NEW YORK — Though joy seems to be Tyrese Maxey’s default mode, the 22-year-old is not perpetually happy.
Before he scored 27 points Friday night in the Sixers’ comeback win over the Knicks at Wells Fargo Center, Maxey’s recent performances off the bench had been subpar. He’d shot 2 for 11 from the floor on Jan. 30 against the Magic, 3 for 14 Wednesday against the Celtics, and looked less sure of himself than usual.
“I feel good, man,” Maxey said. “I feel better. I had a rough past week, man — just rough mentally. Didn’t play well. I had a conversation with my parents yesterday for about an hour and a half, and I kind of got all the emotions out that I needed to get out. I told (head coach Doc Rivers) and I told (assistant coach Sam Cassell) that I was human and I had to let it out. And once I let it out, I told them I’ll be the best version of Tyrese that I can be for the rest of this year.”
While Maxey gets along well with De’Anthony Melton and emphasized his gratitude to be playing again after missing 18 games with a left foot fracture, the typical NBA player wouldn’t be thrilled to slide out of the starting lineup. Maxey has mentioned several times that he’s adjusting to the role, which has featured more minutes in all-bench or bench-heavy lineups.
The Sixers value Melton’s defensive talents, but he had a difficult night Friday on both ends. He missed his first four three-point tries and struggled to guard Jalen Brunson during the Villanova product’s 20-point first quarter. The Sixers needed Maxey to bring excellent energy, and he did — including on defense. Maxey pressured Brunson effectively in the backcourt on a couple of occasions, and he was active at the top of the Sixers’ zone defense.
He picked up three steals, too. Just 61 behind Melton now.
“I was messing with Melt,” Maxey said. “I said, ‘Look, I’m De’Anthony Melton.’ But it was great. I know Coach Doc has been talking the last two games about us as a team getting into the ball and just putting pressure on guys. I just wanted to go in there, cause some type of havoc, and help defensively as much as I could.”
If he maintains that defensive standard, we imagine Rivers would be inclined to again make Maxey a regular starter.
“It’s huge,” Rivers told reporters of Maxey’s defense. “What Tyrese has to do is what he can do. What can he bring to the game defensively? I always ask him that. Well, in the backcourt, you’re 7 feet tall — that’s what I tell him — because of your speed, your pressure, you can pester the guy. Every foot you get closer to the basket, you get smaller and smaller, so try to stay out of that area. And I thought he did a good job of that tonight.”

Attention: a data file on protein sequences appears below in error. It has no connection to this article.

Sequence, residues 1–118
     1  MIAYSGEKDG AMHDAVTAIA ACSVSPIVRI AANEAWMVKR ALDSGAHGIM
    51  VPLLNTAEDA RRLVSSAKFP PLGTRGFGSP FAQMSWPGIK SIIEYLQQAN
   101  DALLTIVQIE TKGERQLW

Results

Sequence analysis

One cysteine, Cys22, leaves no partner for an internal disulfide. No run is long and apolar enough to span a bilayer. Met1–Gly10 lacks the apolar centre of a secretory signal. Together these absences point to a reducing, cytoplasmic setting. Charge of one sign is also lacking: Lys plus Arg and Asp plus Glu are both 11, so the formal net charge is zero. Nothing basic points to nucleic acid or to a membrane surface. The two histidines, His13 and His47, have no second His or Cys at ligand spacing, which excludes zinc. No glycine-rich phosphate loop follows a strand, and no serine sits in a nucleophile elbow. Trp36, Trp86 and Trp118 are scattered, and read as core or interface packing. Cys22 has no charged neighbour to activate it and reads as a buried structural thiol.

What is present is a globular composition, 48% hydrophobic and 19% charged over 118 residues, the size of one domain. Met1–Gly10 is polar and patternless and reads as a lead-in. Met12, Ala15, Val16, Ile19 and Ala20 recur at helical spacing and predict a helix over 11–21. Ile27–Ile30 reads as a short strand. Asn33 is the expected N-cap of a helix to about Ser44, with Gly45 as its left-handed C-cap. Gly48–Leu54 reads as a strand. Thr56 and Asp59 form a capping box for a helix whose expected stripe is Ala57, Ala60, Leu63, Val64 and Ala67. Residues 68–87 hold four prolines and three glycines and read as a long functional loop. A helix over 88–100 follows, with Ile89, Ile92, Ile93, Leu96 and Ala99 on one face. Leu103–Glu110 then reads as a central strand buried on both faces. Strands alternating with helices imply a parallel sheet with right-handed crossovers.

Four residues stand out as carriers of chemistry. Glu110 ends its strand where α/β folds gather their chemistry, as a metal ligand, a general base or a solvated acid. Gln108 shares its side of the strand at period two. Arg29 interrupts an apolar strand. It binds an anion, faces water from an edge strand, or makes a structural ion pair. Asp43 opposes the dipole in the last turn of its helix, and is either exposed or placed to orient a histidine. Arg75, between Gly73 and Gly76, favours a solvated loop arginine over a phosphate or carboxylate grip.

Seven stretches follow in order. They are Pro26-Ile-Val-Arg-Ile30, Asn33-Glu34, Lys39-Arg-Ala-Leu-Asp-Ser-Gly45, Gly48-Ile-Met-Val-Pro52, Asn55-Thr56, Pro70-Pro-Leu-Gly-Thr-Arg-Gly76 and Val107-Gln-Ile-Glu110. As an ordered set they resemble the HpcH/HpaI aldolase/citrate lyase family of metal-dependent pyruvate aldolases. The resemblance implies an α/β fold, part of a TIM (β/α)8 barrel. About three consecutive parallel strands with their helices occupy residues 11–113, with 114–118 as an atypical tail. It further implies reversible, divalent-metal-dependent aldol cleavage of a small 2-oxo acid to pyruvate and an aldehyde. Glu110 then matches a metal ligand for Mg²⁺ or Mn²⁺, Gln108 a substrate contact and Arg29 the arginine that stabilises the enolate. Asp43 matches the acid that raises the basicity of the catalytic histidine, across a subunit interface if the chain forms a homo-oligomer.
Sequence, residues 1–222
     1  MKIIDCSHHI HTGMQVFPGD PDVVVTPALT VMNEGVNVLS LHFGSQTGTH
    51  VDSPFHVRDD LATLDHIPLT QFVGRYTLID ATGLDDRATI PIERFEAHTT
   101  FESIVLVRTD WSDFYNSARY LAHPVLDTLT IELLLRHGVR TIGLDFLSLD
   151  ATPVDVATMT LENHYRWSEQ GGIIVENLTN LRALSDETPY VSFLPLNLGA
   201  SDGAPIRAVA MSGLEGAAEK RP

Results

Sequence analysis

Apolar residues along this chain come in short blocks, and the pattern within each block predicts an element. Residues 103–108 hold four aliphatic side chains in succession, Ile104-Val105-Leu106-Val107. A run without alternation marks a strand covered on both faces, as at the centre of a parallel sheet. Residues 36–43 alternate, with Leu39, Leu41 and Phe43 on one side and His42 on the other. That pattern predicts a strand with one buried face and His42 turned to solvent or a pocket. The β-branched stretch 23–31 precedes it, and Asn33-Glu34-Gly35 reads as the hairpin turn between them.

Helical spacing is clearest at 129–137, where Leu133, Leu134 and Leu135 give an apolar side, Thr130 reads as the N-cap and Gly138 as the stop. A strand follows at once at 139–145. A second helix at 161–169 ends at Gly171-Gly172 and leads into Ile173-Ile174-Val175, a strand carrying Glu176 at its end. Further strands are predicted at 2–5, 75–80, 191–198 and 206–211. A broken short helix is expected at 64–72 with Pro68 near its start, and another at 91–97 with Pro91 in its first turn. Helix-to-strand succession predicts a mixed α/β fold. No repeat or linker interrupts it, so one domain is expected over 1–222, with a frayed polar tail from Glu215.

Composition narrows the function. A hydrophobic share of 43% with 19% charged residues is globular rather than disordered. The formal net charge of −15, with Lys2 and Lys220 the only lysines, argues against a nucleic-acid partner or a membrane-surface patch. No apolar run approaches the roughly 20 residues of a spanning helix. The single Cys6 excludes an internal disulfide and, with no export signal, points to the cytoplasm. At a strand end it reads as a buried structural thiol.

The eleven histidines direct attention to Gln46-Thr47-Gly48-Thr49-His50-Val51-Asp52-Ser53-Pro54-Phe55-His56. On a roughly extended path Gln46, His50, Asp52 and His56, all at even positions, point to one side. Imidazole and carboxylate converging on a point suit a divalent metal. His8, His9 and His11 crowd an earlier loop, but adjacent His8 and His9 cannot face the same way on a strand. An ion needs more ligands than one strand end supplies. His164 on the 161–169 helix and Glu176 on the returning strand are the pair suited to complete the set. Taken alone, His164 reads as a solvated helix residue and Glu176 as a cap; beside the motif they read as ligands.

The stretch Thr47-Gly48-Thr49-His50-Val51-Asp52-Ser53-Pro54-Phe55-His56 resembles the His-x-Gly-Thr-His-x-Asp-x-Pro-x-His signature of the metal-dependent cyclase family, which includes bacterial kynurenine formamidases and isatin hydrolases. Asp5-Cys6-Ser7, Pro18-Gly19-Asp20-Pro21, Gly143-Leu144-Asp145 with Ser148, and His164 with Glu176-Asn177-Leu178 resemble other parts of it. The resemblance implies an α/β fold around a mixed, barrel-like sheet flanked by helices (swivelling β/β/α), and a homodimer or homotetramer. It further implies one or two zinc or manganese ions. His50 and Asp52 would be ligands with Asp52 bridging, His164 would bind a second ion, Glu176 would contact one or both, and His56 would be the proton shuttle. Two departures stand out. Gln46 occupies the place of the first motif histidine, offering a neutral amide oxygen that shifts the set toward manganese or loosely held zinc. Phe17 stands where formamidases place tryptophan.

Though positivity tends to come naturally for Maxey, he got some pregame encouragement Friday from his college coach, Kentucky’s John Calipari.
“I’m human and I want to be able to help my team as much as possible,” Maxey said. “New roles, different stuff happens. Like I said, I’m human, man. The thoughts go through your mind. Coach Cal said something to me before we played our first game of the year … he said, ‘Tyrese, let all the cluster out of your mind and go play basketball how you know how to play.’ And that’s how I felt today.
“And it was funny, he ironically texted me today and told me he believed in me, and just go out there and be Tyrese. I just appreciate that from him.”
In the Sixers’ locker room, Maxey has plenty of veterans who understand it’s impossible to feel great every day of every season.
At 22 years old, James Harden came off the Thunder’s bench (and won Sixth Man of the Year) for the 2011-12 Western Conference champions.
“Just always be confident,” Harden said. “He’s young, but he puts the work in. Obviously it’s the NBA and it’s a long season. You have bad games, you have shooting slumps, and you have times where you shoot the ball extremely well. But it all balances out. Throughout the course of the year, it all evens itself out. He got those same shots tonight and he made ‘em. It’s just about sticking with it throughout the course of the year and making shots when they count.”
You can also count PJ Tucker among those trying to nudge Maxey in the right directions.
“Honestly, I need to pick my defense up every night; I’ve got to play defense every night,” Maxey said. “That’s the only way you’re going to be able to win games. I’m just trying to bring the intensity, trying to bring the pressure, trying to pressure the navigation in pick-and-roll.
“Tuck was on me. He said, ‘Dude, with your athletic ability, you should be able to do it every single night.’ So I’m just going to go out there and try my hardest. I think the biggest thing is knowing the calls behind you, knowing your teammates are behind you, and being able to get into the ball and navigate the screen.”
That won’t always go as well as it did against the Knicks, but Maxey again had many good on-court reasons to smile Friday night.